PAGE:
Will click for food: 55% of consumers favor buying groceries online

May 1, 2015 02:04 PM

A majority of consumers say they are willing to buy groceries online, but only a quarter of them do, according to a just-released study from Nielsen, titled “The Future of Grocery,” which surveyed 30,000 shoppers from 60 countries. Nielsen’s data shows that 55% of consumers surveyed are willing to buy their groceries online, but only 25% of them actually do.

In North America, while the same 55% of consumers say they’re willing to order groceries online for home delivery, only 12% are doing so. A greater disparity exists when it comes to ordering groceries online and picking them up in store: 57% of respondents say they’re willing to do it but only 9% actually are.

Around the world, the younger generation, particularly millennials, is driving the shift in grocery shopping, and those younger consumers are identified in this survey as people ages 21-34. 57% of all respondents in that age range say they’re willing to buy online for home delivery and 30% already do, the highest percentages among any age group.

“Ordering online for home delivery, that’s basically a top demand for global consumers,” says James Russo, senior vice president of global consumer insights at Nielsen. “It’s driven by heavy urbanization.”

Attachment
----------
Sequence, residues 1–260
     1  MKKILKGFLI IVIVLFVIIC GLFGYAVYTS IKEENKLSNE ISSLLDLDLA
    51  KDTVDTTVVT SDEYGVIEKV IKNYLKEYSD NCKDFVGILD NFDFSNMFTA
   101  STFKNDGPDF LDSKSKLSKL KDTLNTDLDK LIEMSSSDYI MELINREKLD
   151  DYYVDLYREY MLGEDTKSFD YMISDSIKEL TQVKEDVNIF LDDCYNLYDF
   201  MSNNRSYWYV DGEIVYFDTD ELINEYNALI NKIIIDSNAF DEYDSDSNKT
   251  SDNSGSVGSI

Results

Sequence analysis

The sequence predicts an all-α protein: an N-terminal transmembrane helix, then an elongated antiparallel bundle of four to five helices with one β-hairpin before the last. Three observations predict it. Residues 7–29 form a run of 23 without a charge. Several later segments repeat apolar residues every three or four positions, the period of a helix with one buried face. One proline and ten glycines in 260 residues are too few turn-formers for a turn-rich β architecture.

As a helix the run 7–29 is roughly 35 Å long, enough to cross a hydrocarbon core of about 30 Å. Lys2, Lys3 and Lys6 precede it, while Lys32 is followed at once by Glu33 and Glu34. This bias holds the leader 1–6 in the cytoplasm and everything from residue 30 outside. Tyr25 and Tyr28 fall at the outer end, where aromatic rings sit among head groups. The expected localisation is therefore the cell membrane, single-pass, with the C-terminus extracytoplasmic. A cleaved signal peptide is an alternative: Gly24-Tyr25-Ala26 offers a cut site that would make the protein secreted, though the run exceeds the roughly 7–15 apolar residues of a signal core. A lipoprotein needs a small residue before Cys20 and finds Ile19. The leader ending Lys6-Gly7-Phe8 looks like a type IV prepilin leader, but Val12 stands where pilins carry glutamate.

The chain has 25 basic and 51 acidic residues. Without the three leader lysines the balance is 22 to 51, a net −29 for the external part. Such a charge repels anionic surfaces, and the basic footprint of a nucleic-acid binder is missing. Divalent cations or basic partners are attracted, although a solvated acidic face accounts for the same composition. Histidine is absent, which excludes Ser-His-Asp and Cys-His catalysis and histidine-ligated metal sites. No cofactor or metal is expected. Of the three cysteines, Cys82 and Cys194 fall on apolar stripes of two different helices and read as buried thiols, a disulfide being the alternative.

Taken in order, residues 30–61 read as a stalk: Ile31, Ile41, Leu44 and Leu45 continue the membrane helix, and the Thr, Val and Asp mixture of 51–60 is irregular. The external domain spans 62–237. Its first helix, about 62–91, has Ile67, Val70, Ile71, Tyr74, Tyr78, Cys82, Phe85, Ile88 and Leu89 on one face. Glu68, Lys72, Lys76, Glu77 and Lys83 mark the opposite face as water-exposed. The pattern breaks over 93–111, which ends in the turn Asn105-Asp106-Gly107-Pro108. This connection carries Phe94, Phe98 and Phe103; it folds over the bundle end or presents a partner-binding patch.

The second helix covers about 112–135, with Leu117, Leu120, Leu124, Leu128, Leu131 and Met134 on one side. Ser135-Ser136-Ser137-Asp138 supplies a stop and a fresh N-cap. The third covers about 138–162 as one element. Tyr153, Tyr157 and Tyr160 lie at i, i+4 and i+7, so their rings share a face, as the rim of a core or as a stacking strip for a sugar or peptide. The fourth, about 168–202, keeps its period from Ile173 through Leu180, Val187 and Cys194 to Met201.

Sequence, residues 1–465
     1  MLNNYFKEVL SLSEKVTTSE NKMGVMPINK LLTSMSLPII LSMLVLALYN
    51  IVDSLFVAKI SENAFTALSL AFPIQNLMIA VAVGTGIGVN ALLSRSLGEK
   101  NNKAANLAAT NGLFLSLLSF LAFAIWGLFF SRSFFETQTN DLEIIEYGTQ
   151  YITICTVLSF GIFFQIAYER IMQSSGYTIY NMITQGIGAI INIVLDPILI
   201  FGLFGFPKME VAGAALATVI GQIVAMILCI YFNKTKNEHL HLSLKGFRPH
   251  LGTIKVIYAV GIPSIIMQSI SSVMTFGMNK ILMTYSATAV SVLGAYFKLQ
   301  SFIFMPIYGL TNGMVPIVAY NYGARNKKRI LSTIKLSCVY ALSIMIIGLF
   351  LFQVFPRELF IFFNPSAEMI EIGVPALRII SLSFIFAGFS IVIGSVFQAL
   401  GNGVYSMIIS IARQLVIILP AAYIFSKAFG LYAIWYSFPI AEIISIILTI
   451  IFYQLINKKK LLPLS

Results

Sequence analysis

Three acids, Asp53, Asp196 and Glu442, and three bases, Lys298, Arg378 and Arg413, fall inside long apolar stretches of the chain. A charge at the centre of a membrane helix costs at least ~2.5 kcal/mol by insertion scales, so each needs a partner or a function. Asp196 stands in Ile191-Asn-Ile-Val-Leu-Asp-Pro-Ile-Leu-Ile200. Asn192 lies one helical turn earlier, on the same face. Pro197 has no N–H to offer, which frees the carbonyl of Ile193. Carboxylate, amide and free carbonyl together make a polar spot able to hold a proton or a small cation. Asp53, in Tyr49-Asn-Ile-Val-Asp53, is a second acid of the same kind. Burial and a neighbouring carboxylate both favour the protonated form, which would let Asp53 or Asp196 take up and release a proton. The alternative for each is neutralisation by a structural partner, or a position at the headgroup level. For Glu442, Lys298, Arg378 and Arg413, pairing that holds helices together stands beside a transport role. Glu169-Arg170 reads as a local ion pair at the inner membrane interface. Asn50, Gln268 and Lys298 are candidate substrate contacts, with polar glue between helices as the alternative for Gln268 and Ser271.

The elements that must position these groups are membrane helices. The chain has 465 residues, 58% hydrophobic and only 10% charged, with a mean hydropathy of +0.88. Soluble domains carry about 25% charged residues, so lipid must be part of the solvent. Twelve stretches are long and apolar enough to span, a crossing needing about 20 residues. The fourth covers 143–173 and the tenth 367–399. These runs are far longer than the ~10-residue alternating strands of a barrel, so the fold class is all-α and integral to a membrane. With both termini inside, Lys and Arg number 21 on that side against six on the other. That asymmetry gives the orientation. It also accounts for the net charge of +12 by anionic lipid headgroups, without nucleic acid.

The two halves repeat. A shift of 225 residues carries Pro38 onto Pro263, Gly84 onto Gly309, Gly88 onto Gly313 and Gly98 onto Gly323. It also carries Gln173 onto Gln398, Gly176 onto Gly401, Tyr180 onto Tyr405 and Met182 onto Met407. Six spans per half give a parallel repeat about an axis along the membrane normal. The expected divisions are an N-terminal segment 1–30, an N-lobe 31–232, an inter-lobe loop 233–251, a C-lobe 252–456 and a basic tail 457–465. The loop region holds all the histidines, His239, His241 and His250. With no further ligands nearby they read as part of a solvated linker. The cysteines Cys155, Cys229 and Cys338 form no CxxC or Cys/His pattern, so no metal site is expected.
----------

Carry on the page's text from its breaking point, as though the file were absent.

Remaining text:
Nielsen’s data shows that online grocery shopping is increasingly popular in Asia, particularly in China, where 46% of respondents surveyed buy groceries online.

Russo says the greatest potential for the online grocery industry moving forward lies in developing nations in Asia, Africa, the Middle East, and Latin America, where the highest percentage of respondents expressed a willingness to buy groceries online. In the United States and Canada, Nielsen data suggests consumers are more inclined to research online, but still want to buy groceries in stores.

“(North Americans) are using digital really more for search, more for research, not ultimately in terms of purchasing items,” Russo says. “That’s the unique aspect of the developing countries online, where they’re doing search, they’re engaging online, but they’re also purchasing.”

Several U.S. grocery chains have made moves to encourage those shoppers open to buying online to give it a try. Meijer Inc., No. 335 in the Internet Retailer 2015 Top 500 Guide, plans to pilot a curbside pickup program  that will enable consumers to shop and pay for groceries online and then pick them up at the store. The service will be free during the pilot, but Meijer says it eventually plans to charge a $5 fee.

Hy-Vee Inc., which has more than 200 grocery stores throughout the Midwest, recently rolled out its Hy-Vee Aisles program, which gives consumers the option to pick up their order or have their groceries delivered, charging $4.95 for delivery and $2.95 for pickup on orders under $100.

Russo says the grocery industry has been late to the e-commerce game, but ultimately those retailers will adapt to where the money is. “The driver of this change is not going to be the retailers themselves, the drivers are going to be the consumers that are demanding this enhancement, driven by millennials,” Russo says. 




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